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This Rescued 911 Targa Barn Find Proves Patina Should Always Be Preserved

Road & Track logo Road & Track 3/24/2019 Brian Silvestro
a car parked on the side of a road: If you can save a car without stripping it of its patina, that should always be your first option.© Petrolicious - YouTube If you can save a car without stripping it of its patina, that should always be your first option.

Over time, cars get old. Body panels rust, rubber seals dry out, and things start to break. Usually, the best course of action is to do a full nut-and-bolt restoration to get everything like new again. But sometimes, cars can be saved without having to resort to a full teardown. You can redo all the mechanicals, but keep the body in its used, patina'd state, giving you the best of both worlds: A reliable, fun classic that still tells a story.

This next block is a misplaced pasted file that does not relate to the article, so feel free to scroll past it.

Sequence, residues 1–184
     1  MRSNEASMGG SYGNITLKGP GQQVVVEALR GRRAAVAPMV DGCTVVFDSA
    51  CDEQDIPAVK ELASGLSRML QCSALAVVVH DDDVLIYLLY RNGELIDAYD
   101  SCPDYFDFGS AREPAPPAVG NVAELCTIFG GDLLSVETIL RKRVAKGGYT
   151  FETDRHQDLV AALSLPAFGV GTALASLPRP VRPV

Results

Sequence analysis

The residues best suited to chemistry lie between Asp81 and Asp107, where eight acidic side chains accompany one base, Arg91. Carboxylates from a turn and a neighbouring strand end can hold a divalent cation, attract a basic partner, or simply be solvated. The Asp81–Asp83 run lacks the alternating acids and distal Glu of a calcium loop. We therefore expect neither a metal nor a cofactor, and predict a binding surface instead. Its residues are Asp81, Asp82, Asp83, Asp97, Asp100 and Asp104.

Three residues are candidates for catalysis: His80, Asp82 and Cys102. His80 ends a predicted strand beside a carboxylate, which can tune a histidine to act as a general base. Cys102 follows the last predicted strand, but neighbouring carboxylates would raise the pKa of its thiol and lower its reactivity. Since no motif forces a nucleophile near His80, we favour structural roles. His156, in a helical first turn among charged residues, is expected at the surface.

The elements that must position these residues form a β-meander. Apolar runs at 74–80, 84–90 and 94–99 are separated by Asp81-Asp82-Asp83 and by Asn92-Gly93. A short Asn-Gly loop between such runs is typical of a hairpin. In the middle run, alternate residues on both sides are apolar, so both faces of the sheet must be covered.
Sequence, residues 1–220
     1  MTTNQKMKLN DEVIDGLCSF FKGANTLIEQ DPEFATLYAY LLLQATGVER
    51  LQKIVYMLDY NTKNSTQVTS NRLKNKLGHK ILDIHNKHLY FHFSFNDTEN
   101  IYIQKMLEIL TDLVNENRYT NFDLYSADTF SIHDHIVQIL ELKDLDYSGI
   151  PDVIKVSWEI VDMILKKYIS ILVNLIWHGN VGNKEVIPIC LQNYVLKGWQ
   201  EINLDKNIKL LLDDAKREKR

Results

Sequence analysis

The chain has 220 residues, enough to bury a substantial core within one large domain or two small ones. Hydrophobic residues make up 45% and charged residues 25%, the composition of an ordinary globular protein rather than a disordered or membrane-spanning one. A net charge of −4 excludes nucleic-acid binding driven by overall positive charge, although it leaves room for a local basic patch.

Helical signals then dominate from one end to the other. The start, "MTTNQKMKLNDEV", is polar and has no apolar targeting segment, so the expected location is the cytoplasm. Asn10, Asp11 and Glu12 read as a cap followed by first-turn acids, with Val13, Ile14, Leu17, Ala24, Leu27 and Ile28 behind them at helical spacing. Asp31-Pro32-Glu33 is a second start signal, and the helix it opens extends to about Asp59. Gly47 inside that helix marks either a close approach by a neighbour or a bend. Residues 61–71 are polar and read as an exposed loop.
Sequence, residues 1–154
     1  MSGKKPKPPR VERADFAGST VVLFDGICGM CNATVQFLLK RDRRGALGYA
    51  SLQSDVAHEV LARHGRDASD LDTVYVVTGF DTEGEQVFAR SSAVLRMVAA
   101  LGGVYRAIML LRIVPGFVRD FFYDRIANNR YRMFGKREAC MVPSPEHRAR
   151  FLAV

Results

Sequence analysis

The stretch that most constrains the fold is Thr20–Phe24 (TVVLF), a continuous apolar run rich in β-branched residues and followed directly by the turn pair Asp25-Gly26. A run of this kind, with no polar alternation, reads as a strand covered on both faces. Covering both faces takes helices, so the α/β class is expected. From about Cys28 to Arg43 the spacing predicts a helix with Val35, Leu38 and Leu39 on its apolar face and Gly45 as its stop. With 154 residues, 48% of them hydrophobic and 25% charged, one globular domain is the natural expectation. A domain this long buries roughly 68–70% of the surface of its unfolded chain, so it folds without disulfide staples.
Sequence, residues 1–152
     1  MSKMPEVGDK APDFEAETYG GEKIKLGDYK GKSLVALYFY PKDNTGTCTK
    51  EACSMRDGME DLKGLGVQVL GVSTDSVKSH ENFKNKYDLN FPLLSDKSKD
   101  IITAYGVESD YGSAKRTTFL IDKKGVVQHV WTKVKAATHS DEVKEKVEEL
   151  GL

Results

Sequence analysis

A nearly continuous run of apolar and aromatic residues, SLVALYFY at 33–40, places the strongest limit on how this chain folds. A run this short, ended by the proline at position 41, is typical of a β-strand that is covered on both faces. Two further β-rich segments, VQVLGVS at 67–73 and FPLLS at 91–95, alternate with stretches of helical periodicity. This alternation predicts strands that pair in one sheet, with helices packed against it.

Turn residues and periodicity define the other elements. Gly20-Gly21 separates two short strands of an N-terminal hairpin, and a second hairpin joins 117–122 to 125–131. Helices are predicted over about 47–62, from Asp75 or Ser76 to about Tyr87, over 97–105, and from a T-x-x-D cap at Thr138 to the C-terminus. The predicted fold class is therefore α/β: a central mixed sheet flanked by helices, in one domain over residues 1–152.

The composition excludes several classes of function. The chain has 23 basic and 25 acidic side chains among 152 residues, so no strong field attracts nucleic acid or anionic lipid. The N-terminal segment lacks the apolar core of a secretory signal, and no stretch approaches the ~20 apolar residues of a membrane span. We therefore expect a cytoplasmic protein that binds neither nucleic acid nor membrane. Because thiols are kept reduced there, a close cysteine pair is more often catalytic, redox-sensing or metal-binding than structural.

That's exactly the case with this 1972 911 Targa, featured in Petrolicious's latest video. Stored in a garage in Tokyo in the 1980s, it was rescued by Alan Drayson, the founder of a restoration shop in the UK that specializes in Porsches. He had the car imported, then rebuilt the engine, transmission, fuel system, brake system, and a bunch of other mechanicals. But instead of touching the body panels, he let them be. This way the car stays original on the outside, but drivable underneath.

It makes the car about 37 times more interesting, both for Drayson and anyone that sees it on the road. Despite what some people may say about leaving the rust, we're fans.

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